Surprisingly Far From Greenwich

Content warning: this movie drops some rape at you from more or less out of nowhere.

Catherine Bomarzini (Sherilyn Fenn) has inherited a magnificent Italian castle with enormous statues in its gardens and interiors that seem to be constructed from second-hand sets from Labyrinth. Having lived there in early childhood before moving to America, she’s thrilled to return and catch up with Martha (Hilary Mason), the castle caretaker and her childhood nurse, as well as her old friend from art school Gina (Charlie Spalding) who moved to Italy a while back to work in painting restoration. As Gina visits, the two of them catch a travelling circus act, led by smouldering magician Lawrence (Malcolm Jamieson), and Gina is so taken with the act she gets Catherine to invite the performers over to the castle for dinner.

At this point the circus performers drug Catherine and Gina and rape them; specifically, Lawrence assaults Catherine but then switches places with his twin brother Oliver (also Malcolm Jamieson) to complete the act, and whilst Oliver is busy with Catherine, Lawrence rapes Gina for good measure. (It is also strongly implied that whilst Lawrence is busy preparing Catherine for Oliver’s attention, Gina is being gang-raped by most of the rest of the cast.)

Gina and Catherine aren’t thrilled by what happened but decide to not call the police and just deal with it themselves, and go their separate ways. However, Catherine soon finds herself adrift in waves of ghostly visions, as she tries to discern the difference between Lawrence, who looks like a gentleman but behaves like a beast, and Oliver, who behaves like a gentleman but sometimes turns into a terrifying monster. Meanwhile, when Gina gets back to work she sets to restoring an ancient painting donated to the local church that seems to depict an ancient scene that might shed some light on the tragedy of Lawrence and Oliver.

 

To be honest, the rape stuff is a difficult thing to get past when assessing Meridian, particularly since in the moment it’s played like this is something tantalisingly darque and gothique but in the aftermath Catherine and Gina don’t react to it like that – they react, in fact, like they’ve been drugged and date raped, which is exactly what happened, and Lawrence attempts additional rapes later on in the film at that.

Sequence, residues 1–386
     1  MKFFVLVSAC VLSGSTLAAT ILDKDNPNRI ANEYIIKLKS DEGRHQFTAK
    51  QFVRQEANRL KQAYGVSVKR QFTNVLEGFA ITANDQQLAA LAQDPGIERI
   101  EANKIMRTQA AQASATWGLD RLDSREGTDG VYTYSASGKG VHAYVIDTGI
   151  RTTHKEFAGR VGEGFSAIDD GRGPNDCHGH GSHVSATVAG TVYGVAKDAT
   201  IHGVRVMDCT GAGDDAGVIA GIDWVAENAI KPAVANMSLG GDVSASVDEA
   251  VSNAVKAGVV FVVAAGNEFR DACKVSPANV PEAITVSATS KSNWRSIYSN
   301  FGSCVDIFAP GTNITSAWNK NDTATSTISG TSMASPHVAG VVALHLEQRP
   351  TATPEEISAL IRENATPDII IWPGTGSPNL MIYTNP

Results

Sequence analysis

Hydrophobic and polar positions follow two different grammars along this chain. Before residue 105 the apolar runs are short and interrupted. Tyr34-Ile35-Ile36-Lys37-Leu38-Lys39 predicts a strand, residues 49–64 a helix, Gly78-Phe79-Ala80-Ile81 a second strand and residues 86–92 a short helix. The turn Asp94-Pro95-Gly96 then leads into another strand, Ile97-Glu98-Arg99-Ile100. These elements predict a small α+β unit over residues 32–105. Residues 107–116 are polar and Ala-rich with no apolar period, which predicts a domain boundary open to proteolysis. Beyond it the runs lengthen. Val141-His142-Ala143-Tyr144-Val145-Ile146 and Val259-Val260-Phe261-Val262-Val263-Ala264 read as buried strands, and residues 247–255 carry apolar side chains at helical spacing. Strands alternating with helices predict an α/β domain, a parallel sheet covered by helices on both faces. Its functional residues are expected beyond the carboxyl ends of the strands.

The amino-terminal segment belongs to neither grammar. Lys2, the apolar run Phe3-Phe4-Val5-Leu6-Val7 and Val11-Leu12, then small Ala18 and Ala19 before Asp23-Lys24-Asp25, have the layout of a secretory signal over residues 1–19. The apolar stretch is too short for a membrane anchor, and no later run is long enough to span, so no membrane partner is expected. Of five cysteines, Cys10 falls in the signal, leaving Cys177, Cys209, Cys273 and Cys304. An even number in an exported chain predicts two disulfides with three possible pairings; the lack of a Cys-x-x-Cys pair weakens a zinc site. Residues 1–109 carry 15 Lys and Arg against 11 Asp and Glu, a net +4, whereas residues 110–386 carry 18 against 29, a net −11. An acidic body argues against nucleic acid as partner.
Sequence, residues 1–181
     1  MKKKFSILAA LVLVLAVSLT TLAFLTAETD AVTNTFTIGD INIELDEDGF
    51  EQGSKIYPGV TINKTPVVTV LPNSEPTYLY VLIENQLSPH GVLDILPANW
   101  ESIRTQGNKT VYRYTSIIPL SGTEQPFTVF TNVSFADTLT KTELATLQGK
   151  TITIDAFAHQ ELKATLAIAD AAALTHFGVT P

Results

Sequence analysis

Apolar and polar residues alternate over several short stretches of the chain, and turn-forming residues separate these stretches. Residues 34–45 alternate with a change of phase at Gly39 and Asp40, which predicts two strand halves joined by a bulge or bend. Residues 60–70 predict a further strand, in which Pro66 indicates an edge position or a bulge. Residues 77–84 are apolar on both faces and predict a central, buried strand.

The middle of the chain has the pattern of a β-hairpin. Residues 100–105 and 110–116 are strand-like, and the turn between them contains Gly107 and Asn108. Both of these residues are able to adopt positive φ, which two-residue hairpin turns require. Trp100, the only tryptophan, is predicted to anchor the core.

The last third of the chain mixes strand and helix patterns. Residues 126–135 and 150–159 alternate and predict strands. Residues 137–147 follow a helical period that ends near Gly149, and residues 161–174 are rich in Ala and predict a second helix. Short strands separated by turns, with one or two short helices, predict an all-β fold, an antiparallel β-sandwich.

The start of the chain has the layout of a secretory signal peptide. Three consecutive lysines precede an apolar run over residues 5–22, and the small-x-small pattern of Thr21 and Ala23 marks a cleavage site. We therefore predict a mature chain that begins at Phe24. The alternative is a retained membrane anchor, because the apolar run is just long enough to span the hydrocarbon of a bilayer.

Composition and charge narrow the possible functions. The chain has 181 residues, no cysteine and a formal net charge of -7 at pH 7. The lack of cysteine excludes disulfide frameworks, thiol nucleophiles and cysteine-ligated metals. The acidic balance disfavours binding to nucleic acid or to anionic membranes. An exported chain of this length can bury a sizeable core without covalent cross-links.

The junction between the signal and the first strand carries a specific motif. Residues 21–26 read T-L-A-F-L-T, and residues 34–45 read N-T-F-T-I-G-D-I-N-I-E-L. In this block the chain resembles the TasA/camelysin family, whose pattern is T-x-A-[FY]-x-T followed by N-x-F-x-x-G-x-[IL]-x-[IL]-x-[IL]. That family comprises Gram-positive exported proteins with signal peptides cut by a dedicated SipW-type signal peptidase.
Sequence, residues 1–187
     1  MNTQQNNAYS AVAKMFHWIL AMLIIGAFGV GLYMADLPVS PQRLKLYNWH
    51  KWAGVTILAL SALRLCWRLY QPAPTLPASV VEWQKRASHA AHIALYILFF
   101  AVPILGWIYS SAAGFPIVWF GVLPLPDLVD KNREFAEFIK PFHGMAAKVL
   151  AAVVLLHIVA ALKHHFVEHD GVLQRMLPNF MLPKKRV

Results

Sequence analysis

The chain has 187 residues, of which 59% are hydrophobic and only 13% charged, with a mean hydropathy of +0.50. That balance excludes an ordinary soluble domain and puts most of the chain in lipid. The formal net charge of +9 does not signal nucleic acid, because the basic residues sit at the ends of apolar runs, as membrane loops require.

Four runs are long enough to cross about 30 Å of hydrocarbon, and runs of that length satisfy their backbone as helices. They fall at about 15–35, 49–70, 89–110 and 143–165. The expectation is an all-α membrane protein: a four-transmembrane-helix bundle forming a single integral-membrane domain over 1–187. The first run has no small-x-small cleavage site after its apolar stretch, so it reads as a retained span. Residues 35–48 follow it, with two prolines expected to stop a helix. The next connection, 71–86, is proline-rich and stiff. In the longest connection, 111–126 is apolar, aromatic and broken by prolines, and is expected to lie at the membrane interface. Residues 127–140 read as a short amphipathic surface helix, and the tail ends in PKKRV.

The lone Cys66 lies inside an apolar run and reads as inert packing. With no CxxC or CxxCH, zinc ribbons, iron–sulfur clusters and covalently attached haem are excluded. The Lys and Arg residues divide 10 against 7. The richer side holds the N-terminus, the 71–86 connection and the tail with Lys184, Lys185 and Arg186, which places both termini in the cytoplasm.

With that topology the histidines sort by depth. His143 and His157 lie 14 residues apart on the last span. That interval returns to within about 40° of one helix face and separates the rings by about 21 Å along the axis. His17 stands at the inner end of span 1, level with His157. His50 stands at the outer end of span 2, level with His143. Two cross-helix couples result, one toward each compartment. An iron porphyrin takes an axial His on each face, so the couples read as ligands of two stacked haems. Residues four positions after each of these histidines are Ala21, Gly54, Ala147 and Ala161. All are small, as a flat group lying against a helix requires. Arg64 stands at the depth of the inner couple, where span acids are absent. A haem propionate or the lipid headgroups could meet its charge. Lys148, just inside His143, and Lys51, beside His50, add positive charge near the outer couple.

The whole thing seems to consist of director Charles Band trying to have his cake and eat it by utilising two distinct sorts of romantic fiction rape trope at the same time; Lawrence rapes because he’s the hateful, selfish, rakish sort who does that to establish that he is a wrong’un, whereas Oliver rapes because he is so passionately moved despite himself that he cannot help but lose control, but he’s also decent enough to recognise that he’s been a cad and try to redeem himself (a bit like the male lead in that romance novel Games Workshop accidentally published a while back).

To be honest, I’m not the best person to judge the use of these conventions against the mass of fantasy-flavoured romance fiction out there, but ultimately you probably know what you feel about this sort of thing: if you think the notion of a gentle, romantic rape scene is offensive, or risible, or otherwise a dealbreaker for you, then inevitably you are going to have problems with the premise of the movie. (If it isn’t a dealbreaker for you… then the movie’s cheap execution might still turn you off anyway.)

Beyond that, this is an unusually ambitious attempt from schlock-master Charles Band (whose repertoire ranges from Subspecies to Evil Bong). The movie bounces about in its early stages between horror, fairytale fantasy and romance, and as the plot comes into sharper resolution one of those genres just has to give way to the others. Eventually it’s horror that loses out – between the unambiguously happy ending, the failure of bestial-Oliver to look at all scary (and I’m pretty sure you can see the gap between the back of his mask and his neckline in some shots), and the shift in emphasis in Charlotte’s visions from disappearing murder victims and violent rape scenarios to more gently fantastical situations there isn’t a whole lot to be scared of by the end of the movie, even though there’s plenty of menace in the earlier segments.

It’s really, really hard to watch Sherilyn Fenn in this and not be reminded of Audrey Horne from Twin Peaks, partly since she plays Catherine as a much more caring and idealistic version of the same, partly because so far as I can make out this was a made-for-TV or straight-to-VHS movie (the 88 Films DVD I watched has it in a 4:3 aspect ratio, which is apparently the original and correct one and a sure sign that this was never intended for the cinema screen) and a lot of this resembles the sort of schlocky, syrupy televisual nonsense the residents of Twin Peaks would watch themselves.

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